•  215
    A Behavioral Perspective on Technology Evolution and Domain Name Regulation
    Pacific McGeorge Global Business and Development Law Journal 21 (1): 1-25. 2008.
    This paper argues that private property and rights assignment, especially as applied to communication infrastructure and information, should be informed by advances in both technology and our understanding of psychology. Current law in this area in the United States and many other jurisdictions is founded on assumptions about human behavior that have been shown not to hold empirically. A joint recognition of this fact, together with an understanding of what new technologies make possible, leads …Read more
  •  347
    This is a review of Susan Greenfield's 2015 book 'Mind Change: How Digital Technologies Are Leaving Their Mark On Our Brains'. Greenfield is a neuroscientist and a member of the UK House of Lords, who argues that digital technologies are changing the human environment "in an unprecedented way," and that by adapting to this environment, "the brain may also be changing in an unprecedented way." The book and its author have created a surprising amount of controversy. I discuss both Greenfield's boo…Read more
  •  65
    Radical contingency in sharing behavior and its consequences
    Behavioral and Brain Sciences 28 (6): 821-821. 2005.
    The data of Henrich et al., when combined with other research, suggest that sharing behavior probably varies systematically across cultures, situations, and individuals. Economic policies founded on recognition of this “radical contingency” would, I argue, nurture economic pluralism rather than attempting to bring the world under one system.
  •  576
    A Logical Approach to Reasoning by Analogy
    with Stuart J. Russell
    In John P. McDermott (ed.), Proceedings of the 10th International Joint Conference on Artificial Intelligence (IJCAI'87), Morgan Kaufmann Publishers. pp. 264-270. 1987.
    We analyze the logical form of the domain knowledge that grounds analogical inferences and generalizations from a single instance. The form of the assumptions which justify analogies is given schematically as the "determination rule", so called because it expresses the relation of one set of variables determining the values of another set. The determination relation is a logical generalization of the different types of dependency relations defined in database theory. Specifically, we define dete…Read more
  •  5605
    Online Deliberation: Design, Research, and Practice (edited book)
    with Seeta Peña Gangadharan
    CSLI Publications/University of Chicago Press. 2009.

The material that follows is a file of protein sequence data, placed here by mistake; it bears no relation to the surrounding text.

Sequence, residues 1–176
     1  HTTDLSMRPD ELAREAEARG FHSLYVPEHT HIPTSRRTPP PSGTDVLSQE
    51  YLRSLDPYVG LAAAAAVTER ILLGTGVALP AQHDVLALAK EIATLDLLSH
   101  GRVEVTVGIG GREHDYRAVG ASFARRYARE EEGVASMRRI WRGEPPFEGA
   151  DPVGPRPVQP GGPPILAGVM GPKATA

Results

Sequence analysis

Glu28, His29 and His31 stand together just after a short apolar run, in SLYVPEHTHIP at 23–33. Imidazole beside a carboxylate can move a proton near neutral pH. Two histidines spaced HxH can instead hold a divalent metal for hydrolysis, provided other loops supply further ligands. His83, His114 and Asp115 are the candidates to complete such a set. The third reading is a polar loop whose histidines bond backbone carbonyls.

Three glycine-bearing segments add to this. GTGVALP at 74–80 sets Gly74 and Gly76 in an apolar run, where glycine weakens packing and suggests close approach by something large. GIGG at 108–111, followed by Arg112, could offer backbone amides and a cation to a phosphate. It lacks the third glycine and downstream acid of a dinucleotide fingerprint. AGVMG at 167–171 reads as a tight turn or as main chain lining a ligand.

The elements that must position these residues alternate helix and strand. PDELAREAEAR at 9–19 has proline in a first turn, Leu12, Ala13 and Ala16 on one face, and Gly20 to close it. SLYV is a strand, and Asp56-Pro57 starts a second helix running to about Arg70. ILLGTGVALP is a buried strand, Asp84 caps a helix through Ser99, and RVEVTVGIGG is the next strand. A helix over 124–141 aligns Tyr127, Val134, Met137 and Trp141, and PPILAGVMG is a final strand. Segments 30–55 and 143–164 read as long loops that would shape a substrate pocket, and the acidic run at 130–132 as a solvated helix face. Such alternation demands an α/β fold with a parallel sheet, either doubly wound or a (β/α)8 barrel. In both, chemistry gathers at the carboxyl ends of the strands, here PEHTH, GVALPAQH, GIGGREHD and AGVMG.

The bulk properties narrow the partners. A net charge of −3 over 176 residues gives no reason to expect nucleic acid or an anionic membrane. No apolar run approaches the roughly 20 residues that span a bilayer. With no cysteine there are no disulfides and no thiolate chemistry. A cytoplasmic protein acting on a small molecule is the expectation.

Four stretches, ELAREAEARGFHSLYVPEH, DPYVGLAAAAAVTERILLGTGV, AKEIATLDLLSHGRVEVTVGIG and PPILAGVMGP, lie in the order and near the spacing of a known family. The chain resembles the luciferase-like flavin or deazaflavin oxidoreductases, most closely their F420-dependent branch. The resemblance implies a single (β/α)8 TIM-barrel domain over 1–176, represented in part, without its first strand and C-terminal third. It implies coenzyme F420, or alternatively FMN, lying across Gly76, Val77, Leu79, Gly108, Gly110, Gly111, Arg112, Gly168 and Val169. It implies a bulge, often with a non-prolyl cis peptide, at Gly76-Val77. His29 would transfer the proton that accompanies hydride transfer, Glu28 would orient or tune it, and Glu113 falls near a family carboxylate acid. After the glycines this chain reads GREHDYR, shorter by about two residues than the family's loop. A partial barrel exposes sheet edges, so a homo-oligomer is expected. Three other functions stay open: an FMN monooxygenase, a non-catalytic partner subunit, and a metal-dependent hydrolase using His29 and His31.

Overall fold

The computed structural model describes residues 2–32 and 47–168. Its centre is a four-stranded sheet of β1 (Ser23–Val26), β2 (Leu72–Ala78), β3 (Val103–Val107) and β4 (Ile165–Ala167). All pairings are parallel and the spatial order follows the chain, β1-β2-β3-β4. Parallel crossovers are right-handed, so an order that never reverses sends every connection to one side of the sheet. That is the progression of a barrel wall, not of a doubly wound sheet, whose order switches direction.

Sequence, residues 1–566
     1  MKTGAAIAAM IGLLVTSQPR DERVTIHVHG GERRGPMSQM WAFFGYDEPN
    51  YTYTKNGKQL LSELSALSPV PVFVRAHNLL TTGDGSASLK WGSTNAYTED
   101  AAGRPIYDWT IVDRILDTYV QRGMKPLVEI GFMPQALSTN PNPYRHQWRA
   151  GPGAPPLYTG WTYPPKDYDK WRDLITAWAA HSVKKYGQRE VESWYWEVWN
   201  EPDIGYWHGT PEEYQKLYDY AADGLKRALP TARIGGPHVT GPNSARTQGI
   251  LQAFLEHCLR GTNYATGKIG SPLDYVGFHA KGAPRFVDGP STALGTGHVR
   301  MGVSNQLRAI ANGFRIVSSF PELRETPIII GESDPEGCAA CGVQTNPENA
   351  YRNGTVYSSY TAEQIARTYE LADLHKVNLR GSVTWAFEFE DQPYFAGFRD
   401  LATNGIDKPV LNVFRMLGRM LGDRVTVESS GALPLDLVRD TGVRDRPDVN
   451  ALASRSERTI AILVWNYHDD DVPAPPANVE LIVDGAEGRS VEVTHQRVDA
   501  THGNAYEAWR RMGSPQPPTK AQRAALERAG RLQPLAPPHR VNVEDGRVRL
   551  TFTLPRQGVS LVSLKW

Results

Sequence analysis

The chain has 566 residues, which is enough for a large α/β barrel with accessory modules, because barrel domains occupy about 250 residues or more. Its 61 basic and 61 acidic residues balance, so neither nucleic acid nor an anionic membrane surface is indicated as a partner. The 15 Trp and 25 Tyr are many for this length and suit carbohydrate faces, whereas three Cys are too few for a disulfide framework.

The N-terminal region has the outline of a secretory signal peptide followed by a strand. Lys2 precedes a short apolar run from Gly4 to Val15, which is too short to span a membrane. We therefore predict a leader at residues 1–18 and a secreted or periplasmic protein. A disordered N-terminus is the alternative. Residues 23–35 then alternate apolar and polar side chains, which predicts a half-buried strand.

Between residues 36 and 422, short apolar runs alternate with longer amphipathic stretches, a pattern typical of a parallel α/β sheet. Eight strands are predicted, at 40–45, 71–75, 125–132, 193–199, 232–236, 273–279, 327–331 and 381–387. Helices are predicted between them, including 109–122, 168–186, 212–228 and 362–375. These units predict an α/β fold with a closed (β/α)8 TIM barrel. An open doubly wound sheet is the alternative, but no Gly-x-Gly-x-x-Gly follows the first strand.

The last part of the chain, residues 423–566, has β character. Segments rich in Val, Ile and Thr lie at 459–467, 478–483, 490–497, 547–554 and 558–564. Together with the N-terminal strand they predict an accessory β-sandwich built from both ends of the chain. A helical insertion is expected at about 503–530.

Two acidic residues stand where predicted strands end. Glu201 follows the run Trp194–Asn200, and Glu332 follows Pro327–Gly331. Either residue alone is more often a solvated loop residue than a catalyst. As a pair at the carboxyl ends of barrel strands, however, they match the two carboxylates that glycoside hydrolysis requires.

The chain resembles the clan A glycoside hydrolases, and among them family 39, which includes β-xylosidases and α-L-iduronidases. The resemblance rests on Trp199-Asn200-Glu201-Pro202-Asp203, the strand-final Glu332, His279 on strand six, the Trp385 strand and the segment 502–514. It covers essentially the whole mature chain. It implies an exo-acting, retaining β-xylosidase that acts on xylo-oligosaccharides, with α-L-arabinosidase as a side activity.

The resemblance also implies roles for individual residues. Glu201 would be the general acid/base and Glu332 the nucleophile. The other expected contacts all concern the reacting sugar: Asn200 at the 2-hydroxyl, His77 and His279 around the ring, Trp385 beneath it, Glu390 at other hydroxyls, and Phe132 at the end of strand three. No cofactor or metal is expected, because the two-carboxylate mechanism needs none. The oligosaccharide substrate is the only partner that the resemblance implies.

Can new technology enhance purpose-driven, democratic dialogue in groups, governments, and societies? Online Deliberation: Design, Research, and Practice is the first book that attempts to sample the full range of work on online deliberation, forging new connections between academic research, technology designers, and practitioners. Since some of the most exciting innovations have occurred outside of traditional institutions, and those involved have often worked in relative isolation from each o…Read more
  •  287
    Digital Rights and Freedoms: A Framework for Surveying Users and Analyzing Policies
    In Luca Maria Aiello & Daniel McFarland (eds.), Social Informatics: Proceedings of the 6th International Conference (SocInfo 2014), Springer Lecture Notes in Computer Science Vol. 8851. pp. 428-443. 2014.
    Interest has been revived in the creation of a "bill of rights" for Internet users. This paper analyzes users' rights into ten broad principles, as a basis for assessing what users regard as important and for comparing different multi-issue Internet policy proposals. Stability of the principles is demonstrated in an experimental survey, which also shows that freedoms of users to participate in the design and coding of platforms appear to be viewed as inessential relative to other rights. An anal…Read more
  •  497
    Commonsense Metaphysics and Lexical Semantics
    with Jerry R. Hobbs, William Croft, Douglas Edwards, and Kenneth Laws
    Computational Linguistics 13 (3&4): 241-250. 1987.
    In the TACITUS project for using commonsense knowledge in the understanding of texts about mechanical devices and their failures, we have been developing various commonsense theories that are needed to mediate between the way we talk about the behavior of such devices and causal models of their operation. Of central importance in this effort is the axiomatization of what might be called commonsense metaphysics. This includes a number of areas that figure in virtually every domain of discourse, s…Read more
  •  161
    In CSLI Informal Notes Series, Center For the Study of Language and Information, No. In-csli-85-4,. 1985.
    This essay (a revised version of my undergraduate honors thesis at Stanford) constructs a theory of analogy as it applies to argumentation and reasoning, especially as used in fields such as philosophy and law. The word analogy has been used in different senses, which the essay defines. The theory developed herein applies to analogia rationis, or analogical reasoning. Building on the framework of situation theory, a type of logical relation called determination is defined. This determination rel…Read more